Saturday, December 18, 2010

Alternative to Christmas Wrapping Paper

After Christmas morning, my living room is not littered with paper. It's littered with pillowcases and ribbon.

For years, we've avoided purchasing wrapping paper. Although frugality usually tops my reasons for not buying something, this time it has little to do with it. I simply hate wasting that much paper. It literally turns my stomach to see all the garbage (and yes, even piles of recycling) that line our neighborhood street after Christmas. I hate the thought of discarding something that has seen such minimal use.

So every year we get the pillowcases out of the linen closet and dig through a bag of ribbon I found at a yard sale. If an item shows through the pillowcase, we double up the fabric or box it prior to wrapping. If an item is truly too large for a pillowcase (which rarely happens with a low $ limit per family member), we put it in a box or a large popcorn tin (also saved from previous years). For small gifts I reuse wrapping paper we get from packages outside the family. Or we use the old standby, newspaper comics.

It's just as fun to "open" a pillowcase as it is to open paper. Perhaps more fun. You can't hop around in torn wrapping paper after all the gifts are opened! :)


  1. Great idea! I love scarves for the same purpose. In Korean, they call the scarves for wrapping "Bo-je-gi".

  2. This is a wonderful idea! I'm going to use it next year.

  3. I am a frugalist at heart too! I am a chronic re-user of gift bags and untorn wrapping paper. I have been known to use newspaper at times too. I am loving the idea of the pillowcase. Occasionally target and places sell cases for $2. I am going to keep my eye out for red ones and have "reusable" wrapping. Thanks for the idea!

  4. Thanks for sharing! For various reasons we've ended up with little wrapping paper this year. I was thinking of replenishing our stores after Christmas, but I like this idea better! I will work on creating a pillow case stash. very nice.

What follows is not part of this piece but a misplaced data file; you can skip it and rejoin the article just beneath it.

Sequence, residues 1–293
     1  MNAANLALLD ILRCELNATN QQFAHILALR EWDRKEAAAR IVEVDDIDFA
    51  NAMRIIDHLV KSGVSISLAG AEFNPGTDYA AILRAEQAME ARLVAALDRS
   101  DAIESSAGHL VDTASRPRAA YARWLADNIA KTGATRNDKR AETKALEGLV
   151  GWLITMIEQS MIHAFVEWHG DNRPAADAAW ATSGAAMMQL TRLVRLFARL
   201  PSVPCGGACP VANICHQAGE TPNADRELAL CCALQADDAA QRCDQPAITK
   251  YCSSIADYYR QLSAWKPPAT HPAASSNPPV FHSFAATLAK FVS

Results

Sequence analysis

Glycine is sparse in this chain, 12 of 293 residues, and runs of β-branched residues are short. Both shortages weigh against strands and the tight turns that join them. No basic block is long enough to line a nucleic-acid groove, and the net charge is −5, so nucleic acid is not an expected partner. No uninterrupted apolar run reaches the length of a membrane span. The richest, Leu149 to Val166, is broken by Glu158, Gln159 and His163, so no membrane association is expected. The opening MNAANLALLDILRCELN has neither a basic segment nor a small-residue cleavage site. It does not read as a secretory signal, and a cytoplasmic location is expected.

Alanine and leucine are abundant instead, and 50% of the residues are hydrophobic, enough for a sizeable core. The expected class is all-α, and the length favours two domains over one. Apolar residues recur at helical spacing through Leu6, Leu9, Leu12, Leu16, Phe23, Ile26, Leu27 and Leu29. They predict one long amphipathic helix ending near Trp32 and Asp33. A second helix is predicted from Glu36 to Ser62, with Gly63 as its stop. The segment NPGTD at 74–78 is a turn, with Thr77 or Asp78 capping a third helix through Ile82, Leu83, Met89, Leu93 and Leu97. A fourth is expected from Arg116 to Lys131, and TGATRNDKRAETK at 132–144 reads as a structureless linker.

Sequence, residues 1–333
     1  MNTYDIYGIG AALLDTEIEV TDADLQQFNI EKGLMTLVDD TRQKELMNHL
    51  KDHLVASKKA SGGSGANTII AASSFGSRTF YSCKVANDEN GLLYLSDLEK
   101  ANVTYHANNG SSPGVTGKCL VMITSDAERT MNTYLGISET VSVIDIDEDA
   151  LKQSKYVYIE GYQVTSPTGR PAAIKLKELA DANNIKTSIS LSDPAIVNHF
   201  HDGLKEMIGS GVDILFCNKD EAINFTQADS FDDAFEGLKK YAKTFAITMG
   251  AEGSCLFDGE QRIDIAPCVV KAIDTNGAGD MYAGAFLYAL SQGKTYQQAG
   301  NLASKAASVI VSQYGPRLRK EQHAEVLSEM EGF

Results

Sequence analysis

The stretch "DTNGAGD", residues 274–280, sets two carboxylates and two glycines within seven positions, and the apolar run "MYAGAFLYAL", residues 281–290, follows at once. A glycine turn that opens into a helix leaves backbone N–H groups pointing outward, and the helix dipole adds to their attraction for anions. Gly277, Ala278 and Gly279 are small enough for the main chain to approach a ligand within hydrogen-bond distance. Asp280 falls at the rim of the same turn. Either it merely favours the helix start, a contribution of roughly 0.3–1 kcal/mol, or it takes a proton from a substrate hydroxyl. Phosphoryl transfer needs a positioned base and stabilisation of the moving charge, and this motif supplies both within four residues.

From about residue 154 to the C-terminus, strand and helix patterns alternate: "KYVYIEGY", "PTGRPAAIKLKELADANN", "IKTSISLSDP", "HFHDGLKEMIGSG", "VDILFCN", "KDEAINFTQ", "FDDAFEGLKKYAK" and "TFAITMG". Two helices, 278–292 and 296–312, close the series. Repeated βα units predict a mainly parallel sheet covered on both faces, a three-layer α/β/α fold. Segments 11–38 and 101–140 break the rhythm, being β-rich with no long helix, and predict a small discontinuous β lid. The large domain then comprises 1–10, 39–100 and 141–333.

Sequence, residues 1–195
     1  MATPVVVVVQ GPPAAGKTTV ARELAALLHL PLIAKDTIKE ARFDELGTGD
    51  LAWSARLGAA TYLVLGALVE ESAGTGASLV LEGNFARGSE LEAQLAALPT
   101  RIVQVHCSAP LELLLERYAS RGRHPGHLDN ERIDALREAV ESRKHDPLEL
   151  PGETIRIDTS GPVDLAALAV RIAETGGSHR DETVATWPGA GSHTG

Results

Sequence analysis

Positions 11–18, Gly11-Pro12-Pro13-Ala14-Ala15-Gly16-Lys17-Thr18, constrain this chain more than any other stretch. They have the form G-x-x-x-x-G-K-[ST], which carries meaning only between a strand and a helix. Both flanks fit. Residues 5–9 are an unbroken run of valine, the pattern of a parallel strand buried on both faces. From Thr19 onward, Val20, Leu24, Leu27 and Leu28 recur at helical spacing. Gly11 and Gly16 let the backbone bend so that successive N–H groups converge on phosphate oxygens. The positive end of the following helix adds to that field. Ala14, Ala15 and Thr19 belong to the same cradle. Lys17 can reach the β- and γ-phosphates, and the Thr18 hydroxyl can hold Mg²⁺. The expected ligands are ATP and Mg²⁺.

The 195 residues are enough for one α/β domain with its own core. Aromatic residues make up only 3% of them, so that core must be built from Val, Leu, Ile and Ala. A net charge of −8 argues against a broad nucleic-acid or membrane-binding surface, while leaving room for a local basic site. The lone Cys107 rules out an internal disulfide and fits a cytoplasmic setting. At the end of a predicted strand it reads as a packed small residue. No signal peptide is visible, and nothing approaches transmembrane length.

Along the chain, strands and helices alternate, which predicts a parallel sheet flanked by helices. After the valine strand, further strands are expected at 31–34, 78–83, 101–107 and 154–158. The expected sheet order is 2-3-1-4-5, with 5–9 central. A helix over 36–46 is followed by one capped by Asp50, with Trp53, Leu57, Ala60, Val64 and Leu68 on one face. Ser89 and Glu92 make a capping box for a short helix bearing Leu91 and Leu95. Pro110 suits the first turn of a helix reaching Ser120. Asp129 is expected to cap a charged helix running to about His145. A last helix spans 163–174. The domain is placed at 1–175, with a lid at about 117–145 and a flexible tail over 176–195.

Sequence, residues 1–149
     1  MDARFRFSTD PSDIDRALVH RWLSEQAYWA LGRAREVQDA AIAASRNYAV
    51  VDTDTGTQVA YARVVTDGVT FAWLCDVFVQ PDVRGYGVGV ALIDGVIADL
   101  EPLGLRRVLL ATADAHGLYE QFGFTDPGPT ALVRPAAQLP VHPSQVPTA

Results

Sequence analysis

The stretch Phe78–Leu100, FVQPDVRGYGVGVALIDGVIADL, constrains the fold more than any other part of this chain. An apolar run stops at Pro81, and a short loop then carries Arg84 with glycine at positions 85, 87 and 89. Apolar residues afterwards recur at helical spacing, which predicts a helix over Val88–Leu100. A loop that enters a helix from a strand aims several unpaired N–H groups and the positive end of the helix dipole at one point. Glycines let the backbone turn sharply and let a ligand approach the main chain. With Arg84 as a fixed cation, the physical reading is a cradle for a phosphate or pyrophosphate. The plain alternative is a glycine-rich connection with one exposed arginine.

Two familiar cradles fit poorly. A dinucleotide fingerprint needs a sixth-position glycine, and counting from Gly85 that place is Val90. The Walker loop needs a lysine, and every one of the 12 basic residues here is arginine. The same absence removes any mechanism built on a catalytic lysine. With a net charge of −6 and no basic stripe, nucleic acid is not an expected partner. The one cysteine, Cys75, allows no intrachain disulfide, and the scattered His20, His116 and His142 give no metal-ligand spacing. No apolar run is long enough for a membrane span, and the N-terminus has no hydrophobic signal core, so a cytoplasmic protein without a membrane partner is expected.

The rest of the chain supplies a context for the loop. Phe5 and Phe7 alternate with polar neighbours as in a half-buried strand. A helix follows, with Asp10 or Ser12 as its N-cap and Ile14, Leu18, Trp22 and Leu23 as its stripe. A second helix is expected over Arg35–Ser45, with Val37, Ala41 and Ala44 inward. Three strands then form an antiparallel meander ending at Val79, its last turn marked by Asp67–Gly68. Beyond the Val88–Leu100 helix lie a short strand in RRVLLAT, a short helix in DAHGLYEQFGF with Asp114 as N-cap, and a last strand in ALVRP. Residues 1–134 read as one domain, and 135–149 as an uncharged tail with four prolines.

5. Great idea! I never buy wrapping paper, but I exchange presents with my family in Michigan, and the rest of them like using it. I get all their used paper for the next year. But it stays in Michigan, and my supply of used paper here at home in California is almost out.

    I put a big piece of red material around the biggest present, and made green squiggles on the plain brown box two of the presents are in. This morning we'll be celebrating our California Christmas, because we fly to Michigan tomorrow. It's 7:55am and we were up late last night, cleaning up after our solstice party (also early, it should be on the 21st), so my son will wake up pretty late.

  6. I have a friend who has sewn all her gift bags for Christmas and birthdays for her kids ( she reuses every year and she has 4 children. She gets the materials on sale. I always admired her for doing it but didn't want to do all that sewing, love the pillow case idea:)

  7. I use pillowcases, too. And homemade gift bags (I started with a couple and make a few more every year). This year, I'm adding Xmas napkins and larger "scarves" (furoshiki style). I bought the napkins (perfect for books and other small objects) and tablecloths that I've cut into squares last year after Xmas on sale. Cheap and pretty.
    Marie in MI

  8. I love this idea, but it'll have to wait til next year. I still had paper left to use up.

  9. My family started this tradition several decades ago. Mom makes bags of various sizes and with various Christmas prints. The ribbons are either tied around the top or encased in a small hem. She buys the fabric and ribbons on sale. As our family grew so did the amount of bags. We started making rubber stamped cardstocked gift tags and now write the year as well as the to/from info. It is fun to see where the bags have been over the years. When my nephews were young my sister trained them to grab up the extra bags to "clean up." Yeah, to clean up so my sister could take them to use at her house! LOL! It is a tradition that we have carried with us and one that I am sure we both will continue as part of our families heritage. My daughter who is 10 has never seen Grandma's tree without fabric gift bags. We have so many bags now that mom rarely has to make any more and when she does it is "Sew" simple! :-)


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